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How iSCSI is changing the storage landscape.

According to International Data Corp. a shift is occurring in enterprise storage. While direct attached storage (DAS) previously dominated the storage market, today 60% of external disk storage being purchased is networked storage * and analysts expect it to grow significantly over the next few years. Networked storage architectures--separating servers from their storage--offer flexible, scalable capacities, and offload some of the provisioning and management tasks from the server. Two of the key drivers behind this transition are the need for flexible, expandable storage and the adoption of iSCSI technology.

iSCSI is a new Internet Engineering Task Force (IETF) standard protocol for encapsulating SCSI commands into TCP/IP packets and enabling block data transport over IP networks. iSCSI can be used to build SANs (termed: IP SANs) using a standard Gigabit Ethernet infrastructure. A standard Gigabit Ethernet port on a server or switch can now connect to both block and file storage resources over Ethernet. High-level management activities--such as device access, authentication, device information, and configuration--are managed using standard applications or tools. For this reason, the acceptance of deployable, robust, interoperable, iSCSI solutions are occurring rapidly.

Benefits of iSCSI

By combining SCSI, Gigabit Ethernet, and TCP/IP, iSCSI delivers these key advantages:

* Builds on stable and familiar standards since Ethernet protocol and the component technologies based on Ethernet are prevalent in the enterprise environment

* Creates a SAN with a reduced TCO--installation and ongoing maintenance costs are significantly lower than a Fibre Channel SAN

* Provides a high degree of interoperability--reduces disparate networks and cabling, and uses regular Ethernet switches instead of special Fibre Channel infrastructure

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* Delivers a solution with no practical distance limitations since IP datagrams can travel over the global IP network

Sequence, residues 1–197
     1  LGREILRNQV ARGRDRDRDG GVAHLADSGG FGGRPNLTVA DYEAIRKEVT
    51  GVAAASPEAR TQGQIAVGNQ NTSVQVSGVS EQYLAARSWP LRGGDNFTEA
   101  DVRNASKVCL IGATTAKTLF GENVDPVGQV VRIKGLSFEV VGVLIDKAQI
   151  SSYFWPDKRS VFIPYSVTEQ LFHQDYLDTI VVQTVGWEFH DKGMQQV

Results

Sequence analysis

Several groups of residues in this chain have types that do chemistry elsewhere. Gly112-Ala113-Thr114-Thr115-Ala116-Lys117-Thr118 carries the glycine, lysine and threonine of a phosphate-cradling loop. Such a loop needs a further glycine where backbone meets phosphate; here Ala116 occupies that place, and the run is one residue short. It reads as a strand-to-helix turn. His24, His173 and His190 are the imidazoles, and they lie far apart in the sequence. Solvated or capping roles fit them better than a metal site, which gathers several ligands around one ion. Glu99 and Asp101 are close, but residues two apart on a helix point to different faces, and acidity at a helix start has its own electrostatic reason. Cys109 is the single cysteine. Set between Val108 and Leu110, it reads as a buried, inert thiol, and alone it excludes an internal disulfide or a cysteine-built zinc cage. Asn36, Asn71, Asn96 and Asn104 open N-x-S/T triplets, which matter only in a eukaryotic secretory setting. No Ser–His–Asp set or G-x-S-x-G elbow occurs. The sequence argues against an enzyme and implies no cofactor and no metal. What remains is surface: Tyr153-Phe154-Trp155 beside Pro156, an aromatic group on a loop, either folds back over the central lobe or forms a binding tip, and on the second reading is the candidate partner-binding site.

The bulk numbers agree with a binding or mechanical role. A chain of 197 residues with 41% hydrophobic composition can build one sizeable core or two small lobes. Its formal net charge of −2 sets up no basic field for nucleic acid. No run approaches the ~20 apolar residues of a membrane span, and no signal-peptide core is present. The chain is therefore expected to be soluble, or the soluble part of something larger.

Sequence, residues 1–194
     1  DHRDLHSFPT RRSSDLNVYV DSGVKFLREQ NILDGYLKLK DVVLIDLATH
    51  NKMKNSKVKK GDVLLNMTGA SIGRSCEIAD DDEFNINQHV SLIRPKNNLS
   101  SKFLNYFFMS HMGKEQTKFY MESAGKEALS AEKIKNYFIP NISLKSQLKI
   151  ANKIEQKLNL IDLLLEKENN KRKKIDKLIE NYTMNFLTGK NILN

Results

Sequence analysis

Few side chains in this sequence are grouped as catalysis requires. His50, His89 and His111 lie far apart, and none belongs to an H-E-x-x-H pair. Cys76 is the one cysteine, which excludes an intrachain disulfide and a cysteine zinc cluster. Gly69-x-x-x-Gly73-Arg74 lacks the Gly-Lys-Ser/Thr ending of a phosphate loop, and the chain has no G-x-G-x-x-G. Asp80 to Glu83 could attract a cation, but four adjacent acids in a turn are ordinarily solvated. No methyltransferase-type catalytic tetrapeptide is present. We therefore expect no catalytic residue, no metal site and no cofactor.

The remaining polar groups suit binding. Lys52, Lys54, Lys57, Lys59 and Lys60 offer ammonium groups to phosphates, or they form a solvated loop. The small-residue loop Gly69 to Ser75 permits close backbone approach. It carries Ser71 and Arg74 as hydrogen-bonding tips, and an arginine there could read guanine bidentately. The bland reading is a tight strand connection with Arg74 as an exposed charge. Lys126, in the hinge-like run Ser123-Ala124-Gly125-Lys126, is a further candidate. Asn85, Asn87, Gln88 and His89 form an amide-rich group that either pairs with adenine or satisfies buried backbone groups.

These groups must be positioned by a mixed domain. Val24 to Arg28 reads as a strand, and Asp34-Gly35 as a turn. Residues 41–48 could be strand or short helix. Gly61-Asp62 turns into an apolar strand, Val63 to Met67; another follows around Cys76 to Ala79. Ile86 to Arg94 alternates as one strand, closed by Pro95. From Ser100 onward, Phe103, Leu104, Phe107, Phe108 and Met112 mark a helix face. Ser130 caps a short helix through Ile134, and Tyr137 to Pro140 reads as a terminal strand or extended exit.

iSCSI communications over an existing Ethernet connection requires a host-side "Initiator" and a "Target" software driver in the Networked Attached Storage (NAS) device. The interaction between the Initiator and Target mandates a server-client model, where the Initiator and the Target communicate with each other using the SCSI command and data set encapsulated over TCP/IP.

Save Money and Increases ROI with an iSCSI-based IP SAN

If you are concerned that you are paying too much with DAS, relating to aging issues or expendability limitations, or you're looking for a single storage strategy for managing both block data and file data, spend an hour with us and we'll show you how iSCSI is rapidly changing the storage landscape.

Join Mark Ferelli, Editor-in-Chief, Computer Technology Review, and Steve Rogers, Snap Appliance's Director of Technical Marketing for a FREE Webinar that introduces you to iSCSI technology and the emerging IP SAN strategies that can save you money by consolidating block and file storage.

Join Us--June 23

10:00 - 11:00 a.m. Pacific Time

1:00 - 2:00 p.m. Eastern Time

Gain an understanding of iSCSI and how it works, as well as practical strategies for creating an IP SAN. Find out how you can help your company reliably protect data while saving time and money through innovative IP-based storage strategies. To register for this webinar, visit: www.snapappliance.com/ipsan.

* IDC Worldwide Disk Storage Systems Quarterly Tracker, March 4, 2004.
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Title Annotation:IP San Webinar; Internet Protocol; Internet Small Computer System Interface; Internet Engineering Task Force Standard Protocol
Publication:Computer Technology Review
Geographic Code:1USA
Date:May 1, 2004
Words:521
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